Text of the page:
Tech-driven toy startup Thinker-Tinker had been looking forward to this year’s South by Southwest gathering, where the company’s flagship smart toy was in line for attention and prime space in the display hall as an innovation-award finalist.
Thinker-Tinker founder and CEO Yuting Su, with flagship tech toy, has shifted business strategy in … [+]
Like so many small businesses touched in some way by the coronavirus outbreak, the VC-backed company found itself sidelined when officials in Austin canceled the popular event early this month due to concerns over the disease. Around the same time, Thinker-Tinker had to delay the sampling process for a new product as coronavirus forced Chinese factory closures.
“It’s disappointing but when you’re a startup you have to learn to make the best of every situation,” said Thinker-Tinker founder and CEO Yuting Su shortly after the SXSW cancellation. Her company, which makes plush, app-based educational robot Octobo, had planned for months and invested significant resources in preparing for the event, she explained.
In the few weeks since then, Su – named to the Forbes 30 Under 30: Games in 2017 – has made adjustments at her California firm, shifting business strategy for now from pushing sales and launching new products to improving products and optimizing sales funnels, she said. She’s also moved fundraising online.
“It’s now best to preserve cash spend,” Su said, noting that the startup has cut marketing costs and had to accommodate delays in China. Octobo shipped before Christmas so the outbreak didn’t affect its production, but Thinker-Tinker had to push back the sampling process for its next product by two to three months.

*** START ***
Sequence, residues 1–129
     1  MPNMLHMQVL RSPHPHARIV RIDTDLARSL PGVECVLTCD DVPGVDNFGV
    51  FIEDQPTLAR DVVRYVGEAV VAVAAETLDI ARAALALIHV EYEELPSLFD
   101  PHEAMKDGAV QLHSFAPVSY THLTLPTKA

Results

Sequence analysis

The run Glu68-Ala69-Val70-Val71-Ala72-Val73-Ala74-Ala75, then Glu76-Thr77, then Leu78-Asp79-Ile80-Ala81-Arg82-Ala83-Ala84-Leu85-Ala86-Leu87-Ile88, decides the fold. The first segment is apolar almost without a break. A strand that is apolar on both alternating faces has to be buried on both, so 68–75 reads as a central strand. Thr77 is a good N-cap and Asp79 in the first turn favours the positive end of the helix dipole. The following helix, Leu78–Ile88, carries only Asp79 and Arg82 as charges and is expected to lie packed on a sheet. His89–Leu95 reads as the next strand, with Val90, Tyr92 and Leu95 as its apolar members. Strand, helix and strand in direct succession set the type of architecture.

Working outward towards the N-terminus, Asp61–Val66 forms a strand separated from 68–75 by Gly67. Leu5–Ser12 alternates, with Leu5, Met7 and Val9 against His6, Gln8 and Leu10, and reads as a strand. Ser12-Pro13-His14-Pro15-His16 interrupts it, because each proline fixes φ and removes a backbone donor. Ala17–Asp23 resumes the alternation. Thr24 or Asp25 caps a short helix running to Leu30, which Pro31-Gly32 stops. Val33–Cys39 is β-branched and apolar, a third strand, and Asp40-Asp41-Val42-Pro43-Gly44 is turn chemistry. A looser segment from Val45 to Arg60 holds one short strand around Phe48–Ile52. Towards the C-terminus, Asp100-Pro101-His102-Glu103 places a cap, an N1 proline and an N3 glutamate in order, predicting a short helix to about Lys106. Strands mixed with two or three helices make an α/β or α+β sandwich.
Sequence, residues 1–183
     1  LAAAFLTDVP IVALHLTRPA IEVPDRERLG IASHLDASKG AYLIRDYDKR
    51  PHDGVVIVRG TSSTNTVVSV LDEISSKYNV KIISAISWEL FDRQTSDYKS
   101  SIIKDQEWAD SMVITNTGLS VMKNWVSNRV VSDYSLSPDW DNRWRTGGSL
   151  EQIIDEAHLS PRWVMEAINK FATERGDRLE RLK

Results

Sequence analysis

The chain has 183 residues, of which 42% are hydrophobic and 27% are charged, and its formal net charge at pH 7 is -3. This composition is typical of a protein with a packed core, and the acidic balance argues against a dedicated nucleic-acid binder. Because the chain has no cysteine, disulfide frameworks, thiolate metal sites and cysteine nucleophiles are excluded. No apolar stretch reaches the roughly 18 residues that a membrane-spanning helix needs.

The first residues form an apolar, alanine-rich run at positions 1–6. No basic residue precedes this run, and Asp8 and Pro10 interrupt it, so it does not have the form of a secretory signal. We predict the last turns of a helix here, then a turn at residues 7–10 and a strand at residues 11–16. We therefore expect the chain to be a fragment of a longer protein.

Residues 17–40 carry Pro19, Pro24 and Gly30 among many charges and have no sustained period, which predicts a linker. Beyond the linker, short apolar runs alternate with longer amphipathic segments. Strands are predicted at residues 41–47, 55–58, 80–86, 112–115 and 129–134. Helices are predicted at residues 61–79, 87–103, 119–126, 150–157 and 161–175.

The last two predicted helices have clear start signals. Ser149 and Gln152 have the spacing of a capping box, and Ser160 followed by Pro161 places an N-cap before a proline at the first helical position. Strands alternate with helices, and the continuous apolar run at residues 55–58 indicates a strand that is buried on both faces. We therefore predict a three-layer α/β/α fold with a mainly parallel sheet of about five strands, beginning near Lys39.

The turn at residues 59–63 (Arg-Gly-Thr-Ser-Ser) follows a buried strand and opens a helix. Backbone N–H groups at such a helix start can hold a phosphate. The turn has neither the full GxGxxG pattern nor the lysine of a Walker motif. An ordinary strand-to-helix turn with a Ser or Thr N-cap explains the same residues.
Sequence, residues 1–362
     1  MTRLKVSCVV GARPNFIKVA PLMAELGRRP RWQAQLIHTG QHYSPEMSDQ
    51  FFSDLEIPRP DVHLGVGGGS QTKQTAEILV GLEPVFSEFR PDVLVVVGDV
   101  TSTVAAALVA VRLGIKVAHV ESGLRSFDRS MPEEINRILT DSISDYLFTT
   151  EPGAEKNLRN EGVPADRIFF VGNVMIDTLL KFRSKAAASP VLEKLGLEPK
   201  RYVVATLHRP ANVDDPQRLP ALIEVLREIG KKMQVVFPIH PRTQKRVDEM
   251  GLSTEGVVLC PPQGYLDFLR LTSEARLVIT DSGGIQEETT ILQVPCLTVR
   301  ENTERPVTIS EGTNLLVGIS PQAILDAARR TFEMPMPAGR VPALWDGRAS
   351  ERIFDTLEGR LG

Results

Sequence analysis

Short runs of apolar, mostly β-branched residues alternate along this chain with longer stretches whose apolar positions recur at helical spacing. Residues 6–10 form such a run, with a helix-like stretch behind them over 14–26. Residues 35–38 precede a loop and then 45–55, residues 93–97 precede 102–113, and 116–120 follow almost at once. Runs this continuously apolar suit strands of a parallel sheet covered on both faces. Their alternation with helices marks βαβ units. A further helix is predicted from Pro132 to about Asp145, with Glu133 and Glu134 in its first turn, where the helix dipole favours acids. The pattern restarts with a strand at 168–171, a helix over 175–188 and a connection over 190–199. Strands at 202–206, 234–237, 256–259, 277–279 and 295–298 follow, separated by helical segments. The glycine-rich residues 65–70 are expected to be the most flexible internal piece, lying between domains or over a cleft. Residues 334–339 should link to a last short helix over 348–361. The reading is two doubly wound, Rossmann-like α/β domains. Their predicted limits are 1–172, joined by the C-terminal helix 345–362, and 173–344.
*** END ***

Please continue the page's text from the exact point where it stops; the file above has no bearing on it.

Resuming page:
“The supply chain is still slowly recovering,” she said this week. “I think it’s improving day by day but still hard to say when it will be back to its full speed.”
While product hardware comes from China, Thinker-Tinker controls the app software for its toys, Su explained.
“Instead of putting resources in the sourcing and sampling process for new hardware products, which has become more challenging nowadays, we turned to see what can be done with the internal team and improve our current content on the app side,” she said.
The young company, backed by Comcast and Techstars, also has moved its capital raising online, recently launching an equity fundraising campaign with private-investing platform Netcapital.
“Fundraising can be challenging for startups even under normal circumstances, with the need for traveling and face-to-face meetings. And now under the time of coronavirus, traveling and handshakes in boardrooms are unlikely to happen, but we innovators still have to get fundings to grow the business,” she said.
“Moving the raise online is not a traditional move but we decide to be creative and adjust quickly to seek alternative ways for keeping the business going. “
Meanwhile, Su added, the various SXSW Innovation Awards finalists have formed an alliance “to discuss creative, alternative ways to keep the show going” and potentially make the awards a “co-opetition” showcase rather than a competition with a winner.
“We just recently submitted our proposal to SXSW officials. We all know that SXSW are pretty tied up with what they are going through internally,” she said, adding that the startups hope they “can stand up and help come up with a win-win solution for both sides.”
This is one in a series of stories about coronavirus outbreak effects on small businesses.